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College Men’s Basketball: Freshman fits in
CAVALIERS ARE RISING ALONG WITH ANDERSON
BY TAFT COGHILL JR.
THE FREE LANCE-STAR
THE FREE LANCE-STAR
CHARLOTTESVILLE—As Justin Anderson maneuvered through a double-team with 22 seconds left in a win over Boston College Saturday, he did what came naturally.
The freshman guard from Westmoreland County threw down a two-handed dunk that put an exclamation point on Virginia’s third straight victory, a 65–51 triumph at John Paul Jones Arena.
N.C. STATE (16–4) at VIRGINIA (14–5)
WHEN: Tonight. 7 p.m.
WHERE: John Paul Jones Arena, Charlottesville
But Anderson was a bit sheepish about the play because the Eagles might’ve thought another two points were unnecessary. He apologized to Boston College coach Steve Donahue afterward.
“I see that as disrespectful, and that’s not something I want to do,” Anderson said. “When I saw the trap came, I felt like I had to get out of it. I’d already jumped and I was in the air, so I just finished it. I wanted to make sure I had it in my mind to apologize to that coach, because I did not want to be disrespectful at all.”
Anderson hasn’t had much to apologize for lately.
He scored a career-high 16 points in the win over Boston College and, for the third straight game, showed signs of becoming the type of player Virginia coach Tony Bennett envisioned when he recruited him.
Anderson will try to keep it going Tuesday night when Virginia (14–5, 4–2) hosts 19th-ranked N.C. State (16–4, 5–2) in a key Atlantic Coast Conference clash.
“It’s going to be a tough, physical game,” Anderson said. “We’ve got to be ready to go into war. They have some really good individual players and I think they play collectively pretty well.
“We just need to be tough, and, as coach Bennett would say, ‘rugged.’ That’s my favorite word right now. That means you have to get down in the dirt. You have to do the dirty work in order to win these games.”
Anderson (6-foot-6, 226 pounds) arrived at Virginia with the size and strength to survive the physical rigors of college basketball.
Still, it took a while for him to adjust to the game, despite a standout career at Montrose Christian Academy in Rockville, Md. Anderson said he was being a “true servant” at the beginning of the year as he figured out his role on the team.
But Virginia senior point guard Jontel Evans said Anderson was easily distracted in practice. So he’s taken on a “big brother” role to get him to concentrate more.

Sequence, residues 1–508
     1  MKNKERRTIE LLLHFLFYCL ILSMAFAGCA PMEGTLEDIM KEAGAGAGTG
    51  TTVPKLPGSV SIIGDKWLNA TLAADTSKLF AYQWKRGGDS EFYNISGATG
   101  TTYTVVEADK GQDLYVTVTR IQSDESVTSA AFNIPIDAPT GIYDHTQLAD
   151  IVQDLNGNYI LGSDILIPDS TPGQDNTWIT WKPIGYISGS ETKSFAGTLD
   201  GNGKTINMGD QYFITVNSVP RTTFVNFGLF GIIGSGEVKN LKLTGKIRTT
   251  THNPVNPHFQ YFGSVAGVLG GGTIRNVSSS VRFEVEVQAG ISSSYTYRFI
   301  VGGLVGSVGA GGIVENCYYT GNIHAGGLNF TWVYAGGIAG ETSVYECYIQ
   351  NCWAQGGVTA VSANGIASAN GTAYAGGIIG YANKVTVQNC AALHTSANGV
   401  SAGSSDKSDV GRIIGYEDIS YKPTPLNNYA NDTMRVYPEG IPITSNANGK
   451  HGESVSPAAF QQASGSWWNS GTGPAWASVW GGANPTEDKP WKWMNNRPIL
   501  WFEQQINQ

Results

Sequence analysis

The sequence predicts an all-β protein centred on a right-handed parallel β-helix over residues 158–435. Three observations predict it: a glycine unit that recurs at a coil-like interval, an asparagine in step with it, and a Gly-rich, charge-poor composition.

“I have to watch after him in practice,” Evans said. “He has so much ability and talent, sometimes he tends to lack that focus. When he starts to lack that focus, I just see him and tell him, ‘Stay focused.’ That’s all I have to say.”
Anderson’s finally heeding Evans’ advice. Once Evans saw his style of leadership pay off against Boston College, he offered more encouragement.
“Right after the game Jontel came up to me and said, ‘I’m going to hold you accountable to keep being focused,’” Anderson said. “A lot of guys see how much fun I have on the court and I also have that same amount of fun off the court. I’m always trying to have fun.
“One time, Jontel pulled me aside in practice and said. ‘If you keep having these practices where you’re locked in and focused success is going to come from it.’”
Anderson didn’t experience much individual success earlier this season.
He was held scoreless three times. He produced six points or fewer six straight games before he connected on two 3-pointers and contributed eight in a win over Florida State on Jan. 19.
The breakthrough continued when he poured in 11 points and dished out a career-high six assists in a victory over Virginia Tech Thursday.
Anderson said his ability to drive and pass to open teammates helped create scoring opportunities against Boston College. He tallied 14 of his points in the second half as defenders laid off him in anticipation of a pass.
“I think the last couple of games, I’ve been able to drive and kick and hit open teammates for shots,” said Anderson, who is third on the team with 41 assists. “But I think now maybe that’s in the scouting reports and it opens up a little bit to get to the paint.”
Anderson’s coaches and teammates have noticed.
Bennett said the Boston College game was the most he’s seen Anderson around the lane and driving to the basket. Junior forward Akil Mitchell said he’s “proud of the way [Anderson’s] evolved and has stepped into his role.”
Bennett said Anderson “grew up” against the Eagles.
“He has that dynamic of athleticism, of explosiveness that makes plays for him,” Bennett said. “It was good to see that on display.”
Taft Coghill Jr.: 540/374-5526